Recently, there have been a few reports of frogeye leaf spot (FLS) showing up on susceptible soybean varieties in a couple areas the state. Disease severity has ranged from a trace to very light (Fig. 1). Given that some will begin to consider fungicides options in the near future it seems appropriate to summarize the occurrence of new fungal strains that were found last year in Arkansas. Also, there is a little update on the status of SBR in the region at the end of this report.

Fungicide-resistant frogeye leaf spot in Arkansas soybeansSoybean growers in the state have relied on fungicides like Headline, Quadris, Evito, Gem, etc. to control FLS. All these fungicides contain the same mode of action and collectively referred to as strobilurin fungicides. In 2012, a new strain of the fungus that is resistant to all strobilurin fungicides was confirmed in nine Arkansas counties (Fig. 2, Clay, Lawrence, Jackson, Poinsett, St. Francis, Phillips, Desha, Drew, and Chicot). Therefore, selecting the right fungicide chemistry will be an important consideration when managing FLS in 2013.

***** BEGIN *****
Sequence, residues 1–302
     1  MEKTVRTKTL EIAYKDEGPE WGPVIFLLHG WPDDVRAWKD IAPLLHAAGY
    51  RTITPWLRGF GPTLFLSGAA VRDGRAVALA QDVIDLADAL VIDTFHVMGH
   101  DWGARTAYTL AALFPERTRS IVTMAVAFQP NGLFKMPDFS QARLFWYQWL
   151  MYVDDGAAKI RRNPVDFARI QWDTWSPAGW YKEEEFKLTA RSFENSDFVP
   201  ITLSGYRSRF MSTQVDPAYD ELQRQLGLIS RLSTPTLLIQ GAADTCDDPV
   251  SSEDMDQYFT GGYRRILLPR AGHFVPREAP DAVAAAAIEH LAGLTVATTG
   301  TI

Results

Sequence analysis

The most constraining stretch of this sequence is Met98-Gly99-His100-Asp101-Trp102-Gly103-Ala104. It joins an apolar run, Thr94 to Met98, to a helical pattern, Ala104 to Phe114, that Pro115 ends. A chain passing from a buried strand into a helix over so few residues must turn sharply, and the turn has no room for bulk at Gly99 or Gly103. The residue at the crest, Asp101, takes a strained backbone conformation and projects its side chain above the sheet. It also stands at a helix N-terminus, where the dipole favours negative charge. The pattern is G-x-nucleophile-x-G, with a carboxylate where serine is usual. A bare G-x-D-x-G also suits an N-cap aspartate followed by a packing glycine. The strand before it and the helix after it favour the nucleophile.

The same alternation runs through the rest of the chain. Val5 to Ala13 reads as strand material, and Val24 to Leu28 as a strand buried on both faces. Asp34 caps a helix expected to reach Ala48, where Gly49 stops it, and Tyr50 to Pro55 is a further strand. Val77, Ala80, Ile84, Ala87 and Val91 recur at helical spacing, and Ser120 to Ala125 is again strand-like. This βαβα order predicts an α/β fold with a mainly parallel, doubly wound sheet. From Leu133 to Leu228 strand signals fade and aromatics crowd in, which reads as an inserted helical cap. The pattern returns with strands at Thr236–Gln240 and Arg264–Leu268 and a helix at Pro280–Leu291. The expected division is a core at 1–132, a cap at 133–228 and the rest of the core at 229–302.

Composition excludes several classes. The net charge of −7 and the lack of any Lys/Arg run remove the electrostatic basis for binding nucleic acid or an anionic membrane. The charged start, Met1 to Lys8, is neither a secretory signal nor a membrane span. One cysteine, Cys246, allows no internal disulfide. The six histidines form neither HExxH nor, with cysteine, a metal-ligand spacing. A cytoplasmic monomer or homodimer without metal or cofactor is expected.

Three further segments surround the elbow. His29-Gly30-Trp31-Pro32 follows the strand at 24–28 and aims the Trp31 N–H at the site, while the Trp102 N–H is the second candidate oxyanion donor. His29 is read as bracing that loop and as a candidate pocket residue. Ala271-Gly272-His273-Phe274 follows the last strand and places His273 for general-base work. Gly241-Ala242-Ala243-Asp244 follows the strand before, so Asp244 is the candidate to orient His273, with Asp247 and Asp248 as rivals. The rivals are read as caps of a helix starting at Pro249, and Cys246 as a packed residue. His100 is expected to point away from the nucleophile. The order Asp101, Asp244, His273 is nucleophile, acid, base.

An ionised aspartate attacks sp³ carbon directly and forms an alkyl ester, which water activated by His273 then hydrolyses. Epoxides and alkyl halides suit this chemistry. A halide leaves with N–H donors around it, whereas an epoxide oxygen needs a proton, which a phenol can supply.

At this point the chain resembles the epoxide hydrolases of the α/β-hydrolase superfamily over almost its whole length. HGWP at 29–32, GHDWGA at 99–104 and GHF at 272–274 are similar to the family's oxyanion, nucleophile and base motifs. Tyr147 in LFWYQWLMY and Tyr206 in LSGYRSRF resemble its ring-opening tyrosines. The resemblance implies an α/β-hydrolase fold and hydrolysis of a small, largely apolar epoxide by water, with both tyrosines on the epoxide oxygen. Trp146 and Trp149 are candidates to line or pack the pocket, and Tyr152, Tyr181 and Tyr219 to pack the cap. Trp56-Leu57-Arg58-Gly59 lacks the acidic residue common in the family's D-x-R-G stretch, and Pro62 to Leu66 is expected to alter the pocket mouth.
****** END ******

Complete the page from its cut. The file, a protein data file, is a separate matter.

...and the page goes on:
A strobilurin-alone program will not effectively manage FLS where the new strain was confirmed or where strobilurin failures were observed in 2012. A significant population of these new fungal strains will likely occur in new areas where soybeans are continuously cropped and a strobilurin-alone program has been used to control FLS and other fungal diseases. These new fungal strains can be managed with triazoles fungicides (alone or as a mixture) or resistant soybean varieties. Additionally, tillage and one year crop rotation can reduce the overwinter pathogen survival on crop residue. Triazole-resistance to fungi similar to FLS is not new therefore, applying foliar fungicides only to control plant diseases will prolong their usefulness in row crop production.

Recently, Soybean rust was reported on soybean in two fields near Alexandria, La. To date, this is the closest SBR has occurred near Arkansas (~ 120 miles from the Arkansas border); however, the disease incidence was low, so the current risk to Arkansas growers is very low. SBR is likely to move up the MS River as it has done in the past and will probably occur in MS before it is found in Arkansas. Future updates will be posted on this blog as well as the ipmPIPE (http://sbr.ipmpipe.org/cgi-bin/sbr/public.cgi/), another good resource for SBR updates.  There is no recommendation for treatment for SBR at this time, as there is no SBR in the state.